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He was born in 1864 and died in 1946.
Rothermel attended KSNS as a student and graduated in 1886. He then went to Franklin & Marshall College where he graduated in only three years and earned his diploma with honors in 1891. He also returned to the Normal School to teach United States history during the spring sessions of 1889 to 1891. Right after his graduation, he was nominated by Schaeffer to become a professor of natural sciences. In 1893, he was nominated as the vice principal. Following Hancher's dismissal, he became the Acting Principal while the trustees searched for a new principal. For two years he held this position until Schaeffer was reappointed as the State Superintendent. His quiet and almost "priestly" nature helped him earn the respect needed for him to be nominated as the Principal of KSNS.
Rothermel was known to be against the employment of the Pennsylvania Dutch dialect, going so far as to reply in pointed English to any townspeople who spoke in the dialect to him. Following World War I, his "high ideals and lofty aspirations" caused some chafing in the student and faculty body who felt that he was, in essence, somewhat behind the times.
He retired in 1934 when he reached the mandatory retirement age of 70.
He was born on June 6th, 1894 and died in 1988.
He was a graduate of KSNS, Franklin & Marshall College, and the University of Pennsylvania. He taught as a Harrison Fellow at the University of Pennsylvania for ten years before returning to Kutztown. He was a member of the Pinchot Educational Commission during its 1931 to 1933 sessions. Rohrbach urged the Pennsylvania General Assembly to change the names of Pennsylvania teacher’s colleges to “state colleges”, which was accepted in 1959. The Oxford University Press used him as a consultant and he was also consultant to Carnegie Foundation for the Advancing of Teaching in its Pennsylvania study. He was an active negotiator for several hundred veterans of WW2, helping them gain college admission throughout the country. Because of this, he received the Service medal from the U.S. Congress.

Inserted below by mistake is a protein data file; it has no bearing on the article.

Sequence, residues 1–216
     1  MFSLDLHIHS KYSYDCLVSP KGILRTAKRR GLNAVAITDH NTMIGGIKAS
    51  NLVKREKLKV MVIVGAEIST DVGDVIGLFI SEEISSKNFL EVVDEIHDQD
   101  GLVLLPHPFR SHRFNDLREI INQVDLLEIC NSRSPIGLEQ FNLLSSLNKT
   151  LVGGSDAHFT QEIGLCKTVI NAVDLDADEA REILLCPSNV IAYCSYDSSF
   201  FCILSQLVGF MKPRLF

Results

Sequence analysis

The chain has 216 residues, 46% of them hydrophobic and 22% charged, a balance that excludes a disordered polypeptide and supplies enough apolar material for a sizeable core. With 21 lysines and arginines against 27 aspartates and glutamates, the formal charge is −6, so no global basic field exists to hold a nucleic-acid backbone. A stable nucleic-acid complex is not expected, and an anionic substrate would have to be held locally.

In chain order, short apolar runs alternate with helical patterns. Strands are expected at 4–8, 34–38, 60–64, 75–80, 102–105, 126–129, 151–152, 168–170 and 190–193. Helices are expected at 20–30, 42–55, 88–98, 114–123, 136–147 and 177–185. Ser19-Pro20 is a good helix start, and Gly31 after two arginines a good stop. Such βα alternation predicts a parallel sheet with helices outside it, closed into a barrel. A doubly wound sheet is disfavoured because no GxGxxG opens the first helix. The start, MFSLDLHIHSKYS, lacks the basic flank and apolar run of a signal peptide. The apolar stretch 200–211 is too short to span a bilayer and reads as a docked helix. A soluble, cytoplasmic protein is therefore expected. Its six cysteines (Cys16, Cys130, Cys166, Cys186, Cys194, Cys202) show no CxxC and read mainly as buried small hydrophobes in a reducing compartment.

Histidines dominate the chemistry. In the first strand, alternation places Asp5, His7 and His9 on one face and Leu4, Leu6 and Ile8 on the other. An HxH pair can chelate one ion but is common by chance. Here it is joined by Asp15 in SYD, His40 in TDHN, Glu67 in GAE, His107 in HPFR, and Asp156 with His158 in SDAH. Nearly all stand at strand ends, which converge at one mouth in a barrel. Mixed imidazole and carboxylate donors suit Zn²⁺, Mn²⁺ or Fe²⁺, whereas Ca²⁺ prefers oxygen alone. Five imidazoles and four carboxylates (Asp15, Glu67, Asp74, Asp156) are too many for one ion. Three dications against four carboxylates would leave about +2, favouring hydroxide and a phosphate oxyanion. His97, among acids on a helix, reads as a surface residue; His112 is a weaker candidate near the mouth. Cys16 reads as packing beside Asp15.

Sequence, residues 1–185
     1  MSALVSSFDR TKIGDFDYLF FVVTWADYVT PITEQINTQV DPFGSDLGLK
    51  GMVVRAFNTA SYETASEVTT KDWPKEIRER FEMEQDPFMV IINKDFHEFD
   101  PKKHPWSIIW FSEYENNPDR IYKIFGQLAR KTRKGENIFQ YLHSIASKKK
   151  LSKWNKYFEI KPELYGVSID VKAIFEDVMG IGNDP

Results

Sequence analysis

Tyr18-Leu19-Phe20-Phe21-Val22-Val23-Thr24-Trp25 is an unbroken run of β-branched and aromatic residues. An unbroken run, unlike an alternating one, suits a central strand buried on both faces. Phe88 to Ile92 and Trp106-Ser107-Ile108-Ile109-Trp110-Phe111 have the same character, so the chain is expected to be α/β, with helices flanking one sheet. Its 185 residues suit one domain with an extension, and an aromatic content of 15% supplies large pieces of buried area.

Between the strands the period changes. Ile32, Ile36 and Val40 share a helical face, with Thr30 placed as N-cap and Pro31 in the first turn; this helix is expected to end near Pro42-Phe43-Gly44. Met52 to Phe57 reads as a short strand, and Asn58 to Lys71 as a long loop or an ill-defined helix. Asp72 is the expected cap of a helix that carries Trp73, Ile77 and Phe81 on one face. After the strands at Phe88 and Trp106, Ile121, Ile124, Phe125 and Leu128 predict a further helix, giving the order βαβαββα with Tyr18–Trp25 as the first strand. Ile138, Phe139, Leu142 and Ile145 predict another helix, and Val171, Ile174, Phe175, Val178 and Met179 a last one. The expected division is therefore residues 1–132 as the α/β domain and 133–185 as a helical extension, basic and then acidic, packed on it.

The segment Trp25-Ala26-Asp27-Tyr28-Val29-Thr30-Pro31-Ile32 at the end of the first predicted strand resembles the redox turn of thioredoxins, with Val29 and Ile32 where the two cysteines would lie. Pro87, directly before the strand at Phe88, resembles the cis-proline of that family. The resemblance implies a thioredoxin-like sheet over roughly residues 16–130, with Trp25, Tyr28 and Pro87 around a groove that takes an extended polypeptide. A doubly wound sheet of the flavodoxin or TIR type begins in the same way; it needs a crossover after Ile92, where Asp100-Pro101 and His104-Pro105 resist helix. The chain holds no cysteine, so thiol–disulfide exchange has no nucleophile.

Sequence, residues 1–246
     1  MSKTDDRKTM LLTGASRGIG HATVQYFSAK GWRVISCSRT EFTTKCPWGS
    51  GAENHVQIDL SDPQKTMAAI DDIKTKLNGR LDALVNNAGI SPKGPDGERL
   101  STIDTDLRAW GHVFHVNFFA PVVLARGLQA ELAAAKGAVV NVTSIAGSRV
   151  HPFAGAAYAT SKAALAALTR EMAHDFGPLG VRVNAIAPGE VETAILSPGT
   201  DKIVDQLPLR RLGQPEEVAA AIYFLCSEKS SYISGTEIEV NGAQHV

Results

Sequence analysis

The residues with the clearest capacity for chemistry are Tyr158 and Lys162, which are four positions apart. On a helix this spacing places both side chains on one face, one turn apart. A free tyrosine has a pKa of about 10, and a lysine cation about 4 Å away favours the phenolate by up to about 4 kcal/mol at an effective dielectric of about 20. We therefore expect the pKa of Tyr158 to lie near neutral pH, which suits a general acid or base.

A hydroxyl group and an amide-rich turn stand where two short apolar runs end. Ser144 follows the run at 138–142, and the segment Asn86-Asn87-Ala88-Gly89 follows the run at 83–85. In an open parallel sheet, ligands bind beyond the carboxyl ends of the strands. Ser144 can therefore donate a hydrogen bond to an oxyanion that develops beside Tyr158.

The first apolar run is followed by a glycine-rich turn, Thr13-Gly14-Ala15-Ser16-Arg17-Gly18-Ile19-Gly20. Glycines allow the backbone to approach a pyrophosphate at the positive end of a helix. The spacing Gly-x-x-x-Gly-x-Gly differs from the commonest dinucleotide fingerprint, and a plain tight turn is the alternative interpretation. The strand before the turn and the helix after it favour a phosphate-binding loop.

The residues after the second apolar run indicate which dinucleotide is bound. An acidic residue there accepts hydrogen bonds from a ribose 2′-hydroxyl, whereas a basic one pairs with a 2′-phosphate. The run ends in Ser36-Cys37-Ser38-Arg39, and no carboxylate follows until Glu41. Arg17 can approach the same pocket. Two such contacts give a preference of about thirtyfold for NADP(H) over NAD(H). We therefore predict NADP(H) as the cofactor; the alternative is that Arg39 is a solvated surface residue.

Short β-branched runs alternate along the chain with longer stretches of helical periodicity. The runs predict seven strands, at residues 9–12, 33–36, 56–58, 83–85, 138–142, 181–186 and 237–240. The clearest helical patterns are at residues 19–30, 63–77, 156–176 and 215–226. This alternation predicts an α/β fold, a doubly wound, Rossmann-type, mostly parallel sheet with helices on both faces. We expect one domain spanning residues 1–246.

Upon his retirement, a $2 million dollar library was dedicated to his name. He was married to Laura M. Dunkelburg.
He was born on November 14, 1901 and died on May 25th, 1967.
DeFrancesco was an Italian immigrant from Borello in 1919. A graduate of West Chester State College in 1922, he then began his teaching career as a high school art instructor in the Reading's Boys High School from 1922 to 1925 before becoming the head of Reading High School art department from 1927 to 1936. Later he received a Bachelor and Master of Science degrees from the University of Pennsylvania and a doctorate in education from New York University in 1942. DeFrancesco joined KSC's art department in 1936 and three years later became the director of art education, a position he held for twenty years before he became the President. During his time as the director of art education, he taught romance languages as well. He passed away while in office due to a respiratory illness.
In a memorial penned by his second wife, Ruth Brightbill DeFrancesco, she quoted him saying “Education provided a broader base for mankind reaching its fullest potential.”
He was born March 29th, 1906 and died October 11th, 1974.
Beekey graduated from Myerstown High School in 1923 and in 1927 he graduated from Albright College. Both his master’s and doctorate degrees were earned from Cornell University. At the beginning of his career, Beekey was a math teacher at Southern Junior High School from 1927 to 1929. From 1931 to 1943 he taught biology at the Reading High School. After this, he came to Kutztown as a physics professor. He became a biology professor and assistant dean of instruction in 1944. He became the acting president upon deFrancesco’s death and was inducted on Nov. 18 1967. He retired on August 1st, 1969.
In October of 1972, the Beekey Education Center was dedicated to him.
He was born on June 12th, 1928 and died October 29th, 1987.
Stratton was born in Duluth, Minnesota. He earned his bachelor's and master's degrees from the University of Michigan and a doctorate from Rutgers. He was a biology teacher at Davison High School from 1952 to 1955, a teacher at Princeton High School from 1955 to 1956, assistance registrar at Rutgers in 1957, a research assistance with the New Jersey State Department of Education from 1957 to 1958, and registrar and associate professor of education at Jersey City State College from 1958 to 1959
Stratton had an interest in foreign affairs and led faculty exchanges with Kansai University of Foreign Studies in Japan, correspondence with Malaysia, and an exchange program with Buckinghamshire College of Education in England.
The change from a state college to a university occurred under his Presidency. In addition, his term saw the number of undergraduate programs leap from twelve to fifty and graduate programs from six to thirteen.